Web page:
Salt Iodization and Urinary Iodine Concentration Levels among Primary School Children in Mt. Elgon Sub-County, Kenya

Main Article Content

Stephen N. Onteri
Anselimo O. Makokha
Beatrice Nyanchama Kiage Mokua
Philip Ndemwa

Abstract

Aims: Iodine plays a key role in thyroid hormone production and functioning. Inadequate iodine intake results in iodine deficiency (ID) which impairs the normal functioning of the thyroid. The deficiency is responsible for damage to brain development, growth retardation, cretinism, and thyroid dysfunction. Millions of people have been condemned to a life of few prospects and continued underdevelopment due to ID. The study was conducted to assess iodine status among primary school children in the Mt. Elgon region and the impact of salt iodization on this status.

Study Design:  A school-based cross-sectional descriptive study to assess iodine status among primary school children was employed in the study.

Study Area and Duration: The study was carried out in Kenya, Bungoma County, Mount Elgon Sub-County. The study period was between 27th November 2018 and 26th November 2019.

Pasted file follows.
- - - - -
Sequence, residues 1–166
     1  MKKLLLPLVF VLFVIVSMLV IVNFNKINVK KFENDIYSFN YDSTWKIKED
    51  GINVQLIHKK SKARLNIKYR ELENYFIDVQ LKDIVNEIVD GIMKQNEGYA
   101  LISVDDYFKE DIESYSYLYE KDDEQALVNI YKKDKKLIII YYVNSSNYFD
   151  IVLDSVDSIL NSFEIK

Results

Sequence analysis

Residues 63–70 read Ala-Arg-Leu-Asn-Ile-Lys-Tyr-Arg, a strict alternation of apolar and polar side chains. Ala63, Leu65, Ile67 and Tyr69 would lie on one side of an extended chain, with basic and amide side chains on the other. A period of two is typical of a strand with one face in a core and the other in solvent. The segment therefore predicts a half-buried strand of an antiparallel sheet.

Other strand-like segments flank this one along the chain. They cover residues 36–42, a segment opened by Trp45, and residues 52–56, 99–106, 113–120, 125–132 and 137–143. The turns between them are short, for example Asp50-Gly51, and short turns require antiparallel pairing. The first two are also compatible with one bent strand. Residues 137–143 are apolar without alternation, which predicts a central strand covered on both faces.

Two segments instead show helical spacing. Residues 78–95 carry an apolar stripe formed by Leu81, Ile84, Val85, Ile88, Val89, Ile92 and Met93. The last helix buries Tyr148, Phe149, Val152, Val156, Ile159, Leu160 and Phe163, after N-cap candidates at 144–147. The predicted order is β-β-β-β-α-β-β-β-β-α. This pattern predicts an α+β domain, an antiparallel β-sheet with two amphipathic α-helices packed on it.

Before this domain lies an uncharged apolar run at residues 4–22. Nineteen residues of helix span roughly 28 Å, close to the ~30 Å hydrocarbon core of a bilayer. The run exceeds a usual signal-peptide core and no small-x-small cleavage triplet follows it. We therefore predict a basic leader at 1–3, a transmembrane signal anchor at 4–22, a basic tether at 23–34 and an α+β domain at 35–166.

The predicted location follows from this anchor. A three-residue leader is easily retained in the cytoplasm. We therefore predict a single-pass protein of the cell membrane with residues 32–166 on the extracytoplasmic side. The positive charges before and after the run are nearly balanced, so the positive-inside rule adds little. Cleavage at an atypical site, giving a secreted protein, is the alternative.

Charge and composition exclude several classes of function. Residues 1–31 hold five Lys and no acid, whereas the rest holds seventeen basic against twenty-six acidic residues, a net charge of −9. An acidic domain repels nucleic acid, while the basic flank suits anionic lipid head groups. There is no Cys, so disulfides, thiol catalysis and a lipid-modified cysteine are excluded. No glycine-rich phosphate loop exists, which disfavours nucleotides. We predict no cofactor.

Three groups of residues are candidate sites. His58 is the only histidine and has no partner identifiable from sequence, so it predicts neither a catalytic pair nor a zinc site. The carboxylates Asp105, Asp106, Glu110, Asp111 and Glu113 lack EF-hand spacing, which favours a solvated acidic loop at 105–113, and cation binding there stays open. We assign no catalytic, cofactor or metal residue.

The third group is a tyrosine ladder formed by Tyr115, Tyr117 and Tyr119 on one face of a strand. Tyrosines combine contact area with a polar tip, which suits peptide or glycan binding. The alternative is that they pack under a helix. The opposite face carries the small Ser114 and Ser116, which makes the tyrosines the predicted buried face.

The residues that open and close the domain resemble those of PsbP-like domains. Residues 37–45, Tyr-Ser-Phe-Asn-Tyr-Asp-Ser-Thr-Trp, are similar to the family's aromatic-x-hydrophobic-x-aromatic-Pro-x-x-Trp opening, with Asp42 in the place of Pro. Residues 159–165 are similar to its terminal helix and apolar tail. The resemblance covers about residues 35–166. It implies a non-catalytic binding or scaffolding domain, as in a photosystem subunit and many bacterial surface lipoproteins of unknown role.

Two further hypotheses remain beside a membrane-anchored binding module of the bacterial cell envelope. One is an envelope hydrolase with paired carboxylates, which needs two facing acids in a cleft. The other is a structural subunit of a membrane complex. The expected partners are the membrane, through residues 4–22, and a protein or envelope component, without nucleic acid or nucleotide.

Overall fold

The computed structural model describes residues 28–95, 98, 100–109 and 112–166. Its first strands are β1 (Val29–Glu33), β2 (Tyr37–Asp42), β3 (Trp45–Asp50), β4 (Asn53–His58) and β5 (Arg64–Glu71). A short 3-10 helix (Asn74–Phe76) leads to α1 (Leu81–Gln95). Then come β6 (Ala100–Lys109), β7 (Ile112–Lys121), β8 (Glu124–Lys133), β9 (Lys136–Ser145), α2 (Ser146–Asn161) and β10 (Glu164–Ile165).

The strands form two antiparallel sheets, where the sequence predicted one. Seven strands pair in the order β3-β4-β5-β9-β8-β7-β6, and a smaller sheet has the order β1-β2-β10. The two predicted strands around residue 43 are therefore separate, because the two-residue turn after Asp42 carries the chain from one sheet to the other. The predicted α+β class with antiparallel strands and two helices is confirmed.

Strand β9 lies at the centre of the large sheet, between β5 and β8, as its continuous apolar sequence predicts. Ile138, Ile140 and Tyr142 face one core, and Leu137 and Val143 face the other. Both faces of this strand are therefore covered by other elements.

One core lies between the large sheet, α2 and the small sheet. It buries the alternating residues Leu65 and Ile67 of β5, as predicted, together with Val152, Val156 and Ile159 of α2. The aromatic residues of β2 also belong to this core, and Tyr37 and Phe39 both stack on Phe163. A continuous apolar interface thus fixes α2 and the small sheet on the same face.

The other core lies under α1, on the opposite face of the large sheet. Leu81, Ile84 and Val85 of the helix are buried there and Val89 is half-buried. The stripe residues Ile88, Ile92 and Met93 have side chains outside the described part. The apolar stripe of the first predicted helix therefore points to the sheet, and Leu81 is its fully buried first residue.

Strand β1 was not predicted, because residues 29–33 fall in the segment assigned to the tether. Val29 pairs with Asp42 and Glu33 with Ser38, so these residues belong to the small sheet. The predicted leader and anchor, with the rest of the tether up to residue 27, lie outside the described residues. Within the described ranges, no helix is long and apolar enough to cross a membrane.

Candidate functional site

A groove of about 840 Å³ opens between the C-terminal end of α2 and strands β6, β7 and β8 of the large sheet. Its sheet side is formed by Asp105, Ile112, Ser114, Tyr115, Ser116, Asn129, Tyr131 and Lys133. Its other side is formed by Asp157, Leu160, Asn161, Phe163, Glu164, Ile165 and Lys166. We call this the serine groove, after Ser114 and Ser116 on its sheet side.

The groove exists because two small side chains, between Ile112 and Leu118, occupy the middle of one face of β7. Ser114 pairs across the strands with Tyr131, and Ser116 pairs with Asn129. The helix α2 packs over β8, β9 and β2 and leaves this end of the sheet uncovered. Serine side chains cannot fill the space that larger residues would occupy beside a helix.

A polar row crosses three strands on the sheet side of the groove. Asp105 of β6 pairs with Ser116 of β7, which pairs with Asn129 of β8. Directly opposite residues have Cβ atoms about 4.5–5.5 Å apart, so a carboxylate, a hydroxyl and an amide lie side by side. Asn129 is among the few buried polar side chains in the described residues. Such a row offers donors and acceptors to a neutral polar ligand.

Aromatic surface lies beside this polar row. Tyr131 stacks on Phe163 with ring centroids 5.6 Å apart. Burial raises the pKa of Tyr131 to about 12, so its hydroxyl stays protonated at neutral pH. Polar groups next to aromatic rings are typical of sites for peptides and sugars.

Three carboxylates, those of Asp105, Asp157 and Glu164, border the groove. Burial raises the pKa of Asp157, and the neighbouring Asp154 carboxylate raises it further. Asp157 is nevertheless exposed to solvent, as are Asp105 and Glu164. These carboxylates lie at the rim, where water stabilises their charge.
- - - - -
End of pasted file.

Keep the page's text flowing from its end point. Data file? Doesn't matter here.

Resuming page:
Methodology: Healthy primary school children aged 6 to 12 years who met the inclusion criteria were included in the study. Spot urine samples were collected in schools, while water samples were collected from different water sources. Salt was collected from households (HH) and at distribution outlets. The Sandell Kolthoff reaction was used to analyse urine and water samples while salt was analysed using iodometric titration.

Results: The median urinary iodine concentration (UIC) was 200.7 µg/l. Out of which 0.55% were severely deficient, 5.25% moderately deficient, 18.23% with a mild deficiency, 25.69% had adequate iodine levels, 22.38% had more than adequate, and 27.90% had excess iodine levels. Household and salt samples from different distribution outlets that conformed to set standards of iodization were 49.4% and 63.64%, respectively. Iodine was not detected in all the water samples collected.

Conclusion: The study population was found to have adequate iodine based on the median UIC of 200.7 µg/l. However, there was a coexistence of both deficiency and excessive UIC and salt iodization within the population. No iodine was detected in the water samples in the region.

Keywords:
Iodine deficiency, primary school children, urine iodine concentration, iodometric titration.

Article Details

How to Cite
Onteri, S. N., Makokha, A. O., Mokua, B. N. K., & Ndemwa, P. (2021). Salt Iodization and Urinary Iodine Concentration Levels among Primary School Children in Mt. Elgon Sub-County, Kenya. Asian Food Science Journal, 20(1), 10-17. https://doi.org/10.9734/afsj/2021/v20i130249
Section
Original Research Article

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